College of Architecture, Arts and Humanities

Faculty Bio

Vitanza, Victor

Vitanza, Victor

Position
Professor, rhetorics, communication and information design

Contact
Office: 711 Strode
Phone: (864) 656-6411
Web Site: http://people.clemson.edu/~SOPHIST
Email: sophist@clemson.edu

Director, Rhetorics, Communication & Information Design PhD

Research Interests
Victor's areas of special interests are histories and theories of rhetorics (Greco-Roman, Early Modern, Modern, Postmodern); historiographies of rhetorics; contemporary writing theories and pedagogies; rhetorical invention; technology and writing (electracy, new media, digital studies); architecture, photography, film, and video; contemporary philosophy (German, French, Italian), and the failures of cultural critique.

Publications in Progress
Victor's first book of a trilogy-- Negation, Subjectivity, and The History of Rhetoric (SUNY P 1997, 400 pages)--examines three contemporary historians of the Sophists and how these historians as well as others represent Sophists and, in particular, Isocrates and Gorgias under the signs of negativity and sub-jectivity (ab-jectivity). The second book-- Chaste Rape (under consideration for publication, 500 pages)--examines how Western rhetorics and cultures are represented under the signs of negativity and sexual violence. The third book-- Design as Dasein (in progress)--will examine how philosophical and architectural attitudes are represented under the signs of negativity and death.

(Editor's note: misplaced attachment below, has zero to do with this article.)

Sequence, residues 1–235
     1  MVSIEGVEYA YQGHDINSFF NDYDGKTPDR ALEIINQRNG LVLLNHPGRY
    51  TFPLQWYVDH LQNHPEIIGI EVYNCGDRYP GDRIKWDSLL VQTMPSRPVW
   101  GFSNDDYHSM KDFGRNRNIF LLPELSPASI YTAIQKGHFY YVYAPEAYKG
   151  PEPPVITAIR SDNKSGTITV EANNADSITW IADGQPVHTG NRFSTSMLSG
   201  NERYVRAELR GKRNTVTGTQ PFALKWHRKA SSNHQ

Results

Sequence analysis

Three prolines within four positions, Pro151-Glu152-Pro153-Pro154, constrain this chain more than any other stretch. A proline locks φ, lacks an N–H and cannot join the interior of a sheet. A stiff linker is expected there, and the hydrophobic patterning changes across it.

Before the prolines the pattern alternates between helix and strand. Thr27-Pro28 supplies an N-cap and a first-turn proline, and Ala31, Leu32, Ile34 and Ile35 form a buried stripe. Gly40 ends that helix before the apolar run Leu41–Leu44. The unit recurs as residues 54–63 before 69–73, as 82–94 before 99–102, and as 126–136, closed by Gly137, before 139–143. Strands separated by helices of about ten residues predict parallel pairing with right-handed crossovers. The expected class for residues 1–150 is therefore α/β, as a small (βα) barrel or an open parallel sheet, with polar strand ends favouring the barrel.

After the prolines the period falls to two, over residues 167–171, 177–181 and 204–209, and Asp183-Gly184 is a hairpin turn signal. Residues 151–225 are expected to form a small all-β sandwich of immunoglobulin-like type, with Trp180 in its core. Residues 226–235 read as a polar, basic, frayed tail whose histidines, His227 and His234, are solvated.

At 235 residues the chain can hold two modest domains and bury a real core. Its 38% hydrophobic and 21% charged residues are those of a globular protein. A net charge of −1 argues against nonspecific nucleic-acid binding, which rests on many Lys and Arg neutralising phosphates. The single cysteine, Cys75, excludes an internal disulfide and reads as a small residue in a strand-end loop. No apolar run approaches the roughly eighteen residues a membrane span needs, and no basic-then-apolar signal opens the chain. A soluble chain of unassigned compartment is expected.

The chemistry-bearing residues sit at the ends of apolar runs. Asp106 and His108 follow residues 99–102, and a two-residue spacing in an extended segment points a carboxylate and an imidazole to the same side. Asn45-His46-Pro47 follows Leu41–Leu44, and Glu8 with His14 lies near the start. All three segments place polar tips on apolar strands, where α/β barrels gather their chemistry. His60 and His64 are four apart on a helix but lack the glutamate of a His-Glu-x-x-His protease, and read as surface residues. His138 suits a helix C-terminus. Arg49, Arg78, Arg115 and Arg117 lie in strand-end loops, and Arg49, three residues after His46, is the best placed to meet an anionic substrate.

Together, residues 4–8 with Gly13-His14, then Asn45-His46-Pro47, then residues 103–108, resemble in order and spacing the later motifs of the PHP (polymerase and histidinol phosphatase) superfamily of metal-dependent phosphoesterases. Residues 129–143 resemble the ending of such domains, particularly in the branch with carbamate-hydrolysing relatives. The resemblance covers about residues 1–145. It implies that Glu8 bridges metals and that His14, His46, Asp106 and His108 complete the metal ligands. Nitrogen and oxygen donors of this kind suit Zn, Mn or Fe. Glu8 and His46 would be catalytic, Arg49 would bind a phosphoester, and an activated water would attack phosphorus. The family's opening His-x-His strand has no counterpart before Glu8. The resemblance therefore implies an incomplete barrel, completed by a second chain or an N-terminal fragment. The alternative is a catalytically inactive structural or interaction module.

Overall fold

Additionally, he is working on two other books: The Coming Peculiar Pedagogies: A User's Guide , in progress (includes samplings unmixed of beta versions of texts and videos on performing peculiar pedagogies), is part of a larger project on peculiar pedagogies developed for and by a community of post-pedagogues. James A. Berlin and Cultural Studies (a sampling and remix of a seminar on Berlin).

Selected Professional Works

Books (Published)

Sexual Violence in Western Thought and Writing: Chaste Rape. New York, New York: Palgrave Macmillan, 2011. Print.

CyberReader. 2nd ed. New York, New York: Longman, 1998. Print.

Writing for the World Wide Web. Upper Saddle River, New Jersey: Prentice Hall, 1997. Print.

Negation, Subjectivity, and The History of Rhetoric. Albany, New York: State University of New York Press, 1996. Print.

Writing Histories of Rhetoric. Editor. Carbondale, Illinois: Southern Illinois University Press, 1994. Print.

PRE/TEXT: The First Decade (U of Pittsburgh P, 1993).

Journal Articles & Book Chapters (Published)

Favorinus. In Classical Rhetorics and Rhetoricians: Critical Studies and Sources . West Port, Conn, and London: Praeger, 2005. 148-52.

Adieu Derrida, in Poiesis 7 (Toronto, EGS Press, 2005): 64-65.

Abandoned to Writing: Notes Toward Several Provocations ." Enculturation 5.1 (Fall 2003): http://enculturation.gmu.edu/5_1/vitanza.html (A continuation of "The Hermeneutics of Abandonment")

From Heuristic to Aleatory Procedures; or, Towards 'Writing the Accident'. Inventing a Discipline: Rhetoric Scholarship in Honor of Richard E. Young , Ed. Maureen Daly Goggin. Urbana, IL: NCTE, 2000. 185-206.

Love, Lust, Rhetorics (from Double Binds to Intensities). Living Rhetoric and Composition: Stories of the Discipline . Ed. Duane Roen, Stewart Brown, and Theresa Enos. NJ: Lawrence Erlbaum, 1998. 143-58.

The Hermeneutics of Abandonment. Parallax 4.4 (1998): 123-39.

Journal Articles & Book Chapters (Accepted or Submitted)

"A Philology for the Future Anterior." Re/Theorizing Writing Histories of Rhetoric, Ed. Michelle Ballif. Carbondale: Southern Illinois UP, 2011.

"Octalog III: The Politics of Historiography." Rhetoric Review. 2011.

Edited Journals

General issue of PRE/TEXT 20.1-4 (2010). 325pp

Conference Presentations (Delivered)

Presenter-Respondent. "Octalog III: The Politics of Historiography" (a spotlighted session). College Composition and Communications Conference March 19, 2010, Louisville, KY.